Desert Islands: and Other Texts, 1953--1974

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Overview

"One day, perhaps, this century will be Deleuzian," Michel Foucault once wrote. This book anthologizes 40 texts and interviews written over 20 years by renowned French philosopher
Gilles Deleuze, who died in 1995. The early texts, from 1953-1966 (on Rousseau, Kafka, Jarry, etc.),
belong to literary criticism and announce Deleuze's last book, Critique and Clinic (1993). But philosophy clearly predominates in the rest of the book, with sharp appraisals of the thinkers he always felt indebted to: Spinoza, Bergson. More surprising is his acknowledgement of Jean-Paul
Sartre as his master. "The new themes, a certain new style, a new aggressive and polemical way of raising questions," he wrote, "come from Sartre." But the figure of Nietzsche remains by far the most seminal, and the presence throughout of his friends and close collaborators, Felix Guattari and
Michel Foucault. The book stops shortly after the publication of Anti-Oedipus, and presents a kind of genealogy of Deleuze's thought as well as his attempt to leave philosophy and connect it to the outside -- but, he cautions, as a philosopher.

Semiotext(e)

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Product Details

  • ISBN-13: 9781584350187
  • Publisher: Semiotexte/Smart Art
  • Publication date: 12/1/2003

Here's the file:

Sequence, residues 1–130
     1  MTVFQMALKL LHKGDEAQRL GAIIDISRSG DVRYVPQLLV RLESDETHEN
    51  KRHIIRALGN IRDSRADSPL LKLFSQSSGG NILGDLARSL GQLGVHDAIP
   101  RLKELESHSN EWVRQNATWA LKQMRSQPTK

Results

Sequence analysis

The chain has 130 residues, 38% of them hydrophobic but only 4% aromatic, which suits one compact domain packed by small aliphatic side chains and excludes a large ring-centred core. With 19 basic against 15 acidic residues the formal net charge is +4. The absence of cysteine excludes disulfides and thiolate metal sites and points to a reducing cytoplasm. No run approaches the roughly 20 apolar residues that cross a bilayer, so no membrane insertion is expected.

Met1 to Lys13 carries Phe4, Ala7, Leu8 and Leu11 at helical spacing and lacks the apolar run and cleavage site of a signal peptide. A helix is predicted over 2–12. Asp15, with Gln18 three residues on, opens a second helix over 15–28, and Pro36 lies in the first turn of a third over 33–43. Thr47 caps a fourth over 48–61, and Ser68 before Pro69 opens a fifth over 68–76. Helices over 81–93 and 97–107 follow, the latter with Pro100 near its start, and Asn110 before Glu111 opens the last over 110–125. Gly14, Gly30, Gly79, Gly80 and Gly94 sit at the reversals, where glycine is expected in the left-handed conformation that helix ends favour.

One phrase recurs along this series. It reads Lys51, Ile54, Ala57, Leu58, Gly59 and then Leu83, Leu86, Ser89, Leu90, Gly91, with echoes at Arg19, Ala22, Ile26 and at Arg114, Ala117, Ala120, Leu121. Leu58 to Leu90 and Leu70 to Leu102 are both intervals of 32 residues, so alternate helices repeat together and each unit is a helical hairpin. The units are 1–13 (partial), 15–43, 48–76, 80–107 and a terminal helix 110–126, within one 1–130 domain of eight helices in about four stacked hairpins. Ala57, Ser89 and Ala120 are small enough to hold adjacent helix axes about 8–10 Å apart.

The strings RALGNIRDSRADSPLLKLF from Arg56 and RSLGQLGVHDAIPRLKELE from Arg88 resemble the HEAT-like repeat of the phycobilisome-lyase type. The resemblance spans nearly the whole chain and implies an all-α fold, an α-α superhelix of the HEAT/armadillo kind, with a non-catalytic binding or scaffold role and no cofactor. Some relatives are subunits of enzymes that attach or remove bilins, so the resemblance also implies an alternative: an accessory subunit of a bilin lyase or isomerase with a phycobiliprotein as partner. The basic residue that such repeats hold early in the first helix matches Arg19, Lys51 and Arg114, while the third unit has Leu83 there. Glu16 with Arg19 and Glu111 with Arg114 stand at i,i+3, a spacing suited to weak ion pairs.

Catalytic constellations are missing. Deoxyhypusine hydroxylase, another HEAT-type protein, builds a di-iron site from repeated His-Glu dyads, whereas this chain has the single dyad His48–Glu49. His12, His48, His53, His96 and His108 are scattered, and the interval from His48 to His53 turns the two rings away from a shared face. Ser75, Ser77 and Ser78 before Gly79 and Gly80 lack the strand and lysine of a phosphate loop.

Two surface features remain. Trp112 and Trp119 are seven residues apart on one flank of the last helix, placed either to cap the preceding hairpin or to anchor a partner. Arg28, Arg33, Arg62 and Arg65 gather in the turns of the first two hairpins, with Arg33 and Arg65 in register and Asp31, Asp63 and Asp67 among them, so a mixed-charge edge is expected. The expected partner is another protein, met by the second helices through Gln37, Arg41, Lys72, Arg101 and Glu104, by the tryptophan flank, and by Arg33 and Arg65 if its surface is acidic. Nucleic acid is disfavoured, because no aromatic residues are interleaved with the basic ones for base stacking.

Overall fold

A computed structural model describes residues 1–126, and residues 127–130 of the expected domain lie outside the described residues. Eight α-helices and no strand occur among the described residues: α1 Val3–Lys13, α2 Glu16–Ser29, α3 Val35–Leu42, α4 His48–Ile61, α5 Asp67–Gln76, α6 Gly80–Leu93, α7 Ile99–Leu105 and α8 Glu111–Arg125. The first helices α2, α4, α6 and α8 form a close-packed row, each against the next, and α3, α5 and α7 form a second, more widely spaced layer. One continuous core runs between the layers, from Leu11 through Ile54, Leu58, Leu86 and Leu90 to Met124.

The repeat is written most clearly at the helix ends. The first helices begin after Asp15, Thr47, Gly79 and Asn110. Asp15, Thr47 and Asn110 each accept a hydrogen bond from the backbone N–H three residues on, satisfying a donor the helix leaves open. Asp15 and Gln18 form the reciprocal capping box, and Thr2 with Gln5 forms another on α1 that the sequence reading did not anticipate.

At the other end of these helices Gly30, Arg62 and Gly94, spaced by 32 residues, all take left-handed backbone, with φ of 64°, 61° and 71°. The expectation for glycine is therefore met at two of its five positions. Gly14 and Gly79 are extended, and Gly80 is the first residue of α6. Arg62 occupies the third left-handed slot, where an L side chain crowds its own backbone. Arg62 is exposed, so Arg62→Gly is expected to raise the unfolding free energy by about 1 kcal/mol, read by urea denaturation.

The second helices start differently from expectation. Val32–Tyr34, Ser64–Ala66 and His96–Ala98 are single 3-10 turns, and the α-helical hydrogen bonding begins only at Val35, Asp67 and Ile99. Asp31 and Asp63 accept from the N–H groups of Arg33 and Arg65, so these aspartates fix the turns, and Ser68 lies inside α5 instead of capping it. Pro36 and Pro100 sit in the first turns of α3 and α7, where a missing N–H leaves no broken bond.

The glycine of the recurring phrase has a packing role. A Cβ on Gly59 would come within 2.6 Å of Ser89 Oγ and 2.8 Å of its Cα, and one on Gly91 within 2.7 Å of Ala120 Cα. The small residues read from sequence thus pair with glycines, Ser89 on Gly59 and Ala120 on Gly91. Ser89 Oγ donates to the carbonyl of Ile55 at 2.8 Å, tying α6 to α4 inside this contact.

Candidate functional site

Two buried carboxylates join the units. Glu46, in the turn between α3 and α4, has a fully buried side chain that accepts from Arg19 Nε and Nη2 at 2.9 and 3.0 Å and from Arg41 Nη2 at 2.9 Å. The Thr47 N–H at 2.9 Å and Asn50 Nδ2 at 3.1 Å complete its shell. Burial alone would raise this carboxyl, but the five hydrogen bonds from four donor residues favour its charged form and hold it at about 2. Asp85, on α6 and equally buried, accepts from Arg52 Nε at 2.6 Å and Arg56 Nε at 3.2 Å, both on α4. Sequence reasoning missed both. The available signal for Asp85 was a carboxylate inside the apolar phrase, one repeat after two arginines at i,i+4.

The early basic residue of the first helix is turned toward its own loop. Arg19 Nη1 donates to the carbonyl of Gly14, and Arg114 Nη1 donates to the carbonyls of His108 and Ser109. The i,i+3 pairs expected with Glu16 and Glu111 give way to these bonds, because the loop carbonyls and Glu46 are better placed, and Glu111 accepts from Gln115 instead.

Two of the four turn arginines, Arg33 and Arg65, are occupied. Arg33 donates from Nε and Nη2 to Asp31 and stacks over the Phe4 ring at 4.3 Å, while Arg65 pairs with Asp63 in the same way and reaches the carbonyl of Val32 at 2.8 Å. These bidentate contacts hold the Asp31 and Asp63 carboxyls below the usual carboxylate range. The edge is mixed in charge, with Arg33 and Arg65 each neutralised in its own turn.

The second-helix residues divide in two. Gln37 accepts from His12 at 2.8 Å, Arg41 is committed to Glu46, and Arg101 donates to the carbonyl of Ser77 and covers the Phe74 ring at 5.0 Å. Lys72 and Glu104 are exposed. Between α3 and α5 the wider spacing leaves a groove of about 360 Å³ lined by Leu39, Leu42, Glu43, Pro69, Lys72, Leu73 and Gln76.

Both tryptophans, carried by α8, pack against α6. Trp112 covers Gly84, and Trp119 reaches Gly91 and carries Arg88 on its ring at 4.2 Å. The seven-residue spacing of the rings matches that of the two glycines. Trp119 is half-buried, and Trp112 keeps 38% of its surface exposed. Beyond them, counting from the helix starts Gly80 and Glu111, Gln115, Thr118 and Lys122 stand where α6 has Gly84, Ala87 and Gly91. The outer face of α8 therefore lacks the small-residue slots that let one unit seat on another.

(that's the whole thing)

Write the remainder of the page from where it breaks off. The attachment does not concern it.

• Series: Semiotext(e) / Foreign Agents
  • Edition description: New Edition
  • Pages: 328
  • Sales rank: 852,983
  • Product dimensions: 6.00 (w) x 9.00 (h) x 0.62 (d)

Meet the Author

Gilles Deleuze (1925-1995) was Professor of Philosophy at the University of Paris VIII,
Vincennes/Saint Denis. He published 25 books, including five in collaboration with Félix
Guattari.
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Table of Contents

Introduction 7
Desert Islands 9
Jean Hyppolite's Logic and Existence 15
Instincts and Institutions 19
Bergson, 1859-1941 22
Bergson's Conception of Difference 32
Jean-Jacques Rousseau: Precursor of Kafka, Celine, and Ponge 52
The Idea of Genesis in Kant's Esthetics 56
Raymond Roussel, or the Abhorrent Vacuum 72
How Jarry's Pataphysics Opened the Way for Phenomenology 74
"He Was my Teacher" 77
The Philosophy of Crime Novels 81
On Gilbert Simondon 86
Humans: A Dubious Existence 90
The Method of Dramatization 94
Conclusions on the Will to Power and the Eternal Return 117
Nietzsche's Burst of Laughter 128
Mysticism and Masochism 131
On Nietzsche and the Image of Thought 135
Gilles Deleuze Talks Philosophy 143
Gueroult's General Method for Spinoza 146
The Fissure of Anaxagoras and the Local Fires of Heraclitus 156
Hume 162
How Do We Recognize Structuralism? 170
Three Group-Related Problems 193
"What Our Prisoners Want From Us ..." 204
Intellectuals and Power 206
Remarks (on Jean-Francois Lyotard) 214
Deleuze and Guattari Fight Back ... 216
Helene Cixous, or Writing in Strobe 230
Capitalism and Schizophrenia 232
Your Special "Desiring-Machines": What Are They? 242
H.M.'s Letters 244
Hot and Cool 247
Nomadic Thought 252
On Capitalism and Desire 262
Five Propositions on Psychoanalysis 274
Faces and Surfaces 281
Preface to Hocquenghem's L'Apres-Mai des faunes 284
A Planter's Art 289
Notes 292
List of Translators 313
Index 314
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